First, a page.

‘John Paul II wouldn’t approve’

Homophobia exists not simply on a lot of Poland’s streets, however within the closed-door council conferences the place the liberty of LGBT folks is debated; and the place a visceral, deep-rooted and alarmingly informal sentiment is laid naked.

In Swidnik, a small city close to the Ukrainian border, councilors painted gays and lesbians as “radical folks striving for a cultural revolution,” accusing them of wishing to “assault freedom of speech (and) the innocence of kids.” In Nowa Sarzyna, one other japanese city, homosexuality was labelled “opposite to the legal guidelines of nature” and a violation of “human dignity.” And within the Lublin province, a sprawling space of japanese Poland dwelling to greater than 2 million residents, LGBT rights campaigners had been condemned by native lawmakers for looking for “the annihilation of values formed by the Catholic church.”

It’s from these debates, and amid a relentless eruption of anti-LGBT rhetoric from the nation’s populist authorities and non secular leaders, that the native legal guidelines emerge.

The nation’s pursuit of illiberal, anti-LGBT laws adorned as a protection of conventional values has additionally spurred comparisons with Russia, a sometimes unwelcome connection to attract in Poland; Moscow’s 2013 legislation banning LGBT “propaganda” relied on most of the identical arguments, and fostered the same world outcry.

However in contrast to Russia, the place the worldwide group has little sway, Poland has been thrust right into a battle with Brussels over the laws. No less than six cities have misplaced EU funding over their adoption of “LGBT-free” payments. Within the face of such world condemnation, the ruling Legislation and Justice Celebration has furiously rejected the “LGBT-free” characterization; when US presidential candidate Joe Biden condemned the areas final month, one Polish lawmaker retorted angrily that it was an LGBT activist who had used the label, and that he would stand trial for doing so.

The Polish authorities didn’t reply to CNN’s requests for remark for this story.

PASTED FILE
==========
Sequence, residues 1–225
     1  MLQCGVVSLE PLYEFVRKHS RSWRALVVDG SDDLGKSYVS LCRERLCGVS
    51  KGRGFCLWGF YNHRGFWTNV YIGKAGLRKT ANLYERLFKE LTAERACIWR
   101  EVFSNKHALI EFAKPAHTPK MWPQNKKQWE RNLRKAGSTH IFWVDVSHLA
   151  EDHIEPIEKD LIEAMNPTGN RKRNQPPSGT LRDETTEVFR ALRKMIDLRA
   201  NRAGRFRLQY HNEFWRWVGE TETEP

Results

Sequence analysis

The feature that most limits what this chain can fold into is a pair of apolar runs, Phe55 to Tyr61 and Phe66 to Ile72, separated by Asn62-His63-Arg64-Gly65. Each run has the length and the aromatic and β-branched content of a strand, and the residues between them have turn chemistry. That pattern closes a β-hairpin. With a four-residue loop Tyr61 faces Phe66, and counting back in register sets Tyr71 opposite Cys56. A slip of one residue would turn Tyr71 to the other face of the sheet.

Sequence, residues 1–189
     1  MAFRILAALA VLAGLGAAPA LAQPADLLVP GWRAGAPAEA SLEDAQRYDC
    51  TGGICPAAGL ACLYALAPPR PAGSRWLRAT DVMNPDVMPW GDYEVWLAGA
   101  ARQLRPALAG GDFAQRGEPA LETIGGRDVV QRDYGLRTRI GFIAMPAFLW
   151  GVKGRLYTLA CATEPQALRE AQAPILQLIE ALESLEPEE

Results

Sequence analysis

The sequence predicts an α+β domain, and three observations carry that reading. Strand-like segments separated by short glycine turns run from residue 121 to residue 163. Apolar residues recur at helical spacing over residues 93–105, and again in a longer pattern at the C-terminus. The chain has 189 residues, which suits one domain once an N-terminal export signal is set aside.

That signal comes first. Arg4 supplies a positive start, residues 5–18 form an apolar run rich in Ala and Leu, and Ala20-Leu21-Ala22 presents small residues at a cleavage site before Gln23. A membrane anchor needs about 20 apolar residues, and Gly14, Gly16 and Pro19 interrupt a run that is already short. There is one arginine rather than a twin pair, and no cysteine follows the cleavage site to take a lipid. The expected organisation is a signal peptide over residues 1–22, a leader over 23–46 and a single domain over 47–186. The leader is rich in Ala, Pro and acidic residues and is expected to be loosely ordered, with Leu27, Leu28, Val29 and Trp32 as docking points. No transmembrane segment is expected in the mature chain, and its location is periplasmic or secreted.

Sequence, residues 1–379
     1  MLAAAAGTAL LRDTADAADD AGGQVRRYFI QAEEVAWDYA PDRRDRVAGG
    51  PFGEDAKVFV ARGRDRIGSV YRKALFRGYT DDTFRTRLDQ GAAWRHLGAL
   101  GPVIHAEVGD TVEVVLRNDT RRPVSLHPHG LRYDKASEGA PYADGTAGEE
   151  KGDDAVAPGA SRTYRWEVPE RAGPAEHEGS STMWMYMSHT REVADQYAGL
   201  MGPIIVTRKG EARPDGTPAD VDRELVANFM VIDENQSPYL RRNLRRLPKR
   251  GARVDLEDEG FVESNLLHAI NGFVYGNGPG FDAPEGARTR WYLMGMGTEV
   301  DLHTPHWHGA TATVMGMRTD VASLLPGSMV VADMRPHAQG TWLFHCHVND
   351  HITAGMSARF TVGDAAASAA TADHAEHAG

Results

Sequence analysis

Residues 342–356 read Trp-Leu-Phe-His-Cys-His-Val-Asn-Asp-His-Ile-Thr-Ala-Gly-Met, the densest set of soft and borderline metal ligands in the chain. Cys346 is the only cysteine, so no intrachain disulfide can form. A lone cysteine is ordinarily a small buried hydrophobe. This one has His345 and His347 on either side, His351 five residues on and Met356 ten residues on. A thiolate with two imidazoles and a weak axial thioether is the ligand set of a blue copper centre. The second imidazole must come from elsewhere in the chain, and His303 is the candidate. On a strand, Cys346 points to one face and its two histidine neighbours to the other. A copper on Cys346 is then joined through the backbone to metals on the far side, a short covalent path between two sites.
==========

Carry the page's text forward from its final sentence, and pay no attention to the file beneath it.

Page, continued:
“Nationalism and Catholicism are very related in Poland,” explains Tomek Zuber, a younger homosexual man residing in Czechowice-Dziedzice — a bigger city just some miles from Kozy that additionally lies throughout the wider “LGBT-free zone” of Bielsko.

Tomek Zuber sits within the middle of Czechowice-Dziedzice. Prior to now 12 months, he has come out, attended his first Pleasure parade, and suffered his first expertise with homophobia.

At a sq. within the city middle, a statue of Pope John Paul II seems to be upon the church Zuber used to attend as a schoolboy. The late Pope, an icon who evokes virtually sacred adoration amongst many older Poles, wears a shy smile on his face, his arms outstretched as if he had been about to embrace passersby in a hug. The pontiff was born just some cities to the east, and is revered for giving Poles hope through the period of martial legislation — however his staunch opposition to homosexuality widened the chasm between many LGBT folks and the church.

“His phrases are used for not giving LGBT folks rights,” Zuber says. “‘John Paul II wouldn’t approve,’” he provides, imitating the admonitions of conservative Poles.

These classes are discovered from an early age. At college in close by Katowice, Zuber mentioned his principal issued a warning to all college students earlier than their final-year promenade: “No consuming, no smoking (and) no same-sex dancing.” He and his classmates rallied towards the rule and, with the assistance of a few of their mother and father, obtained it overturned.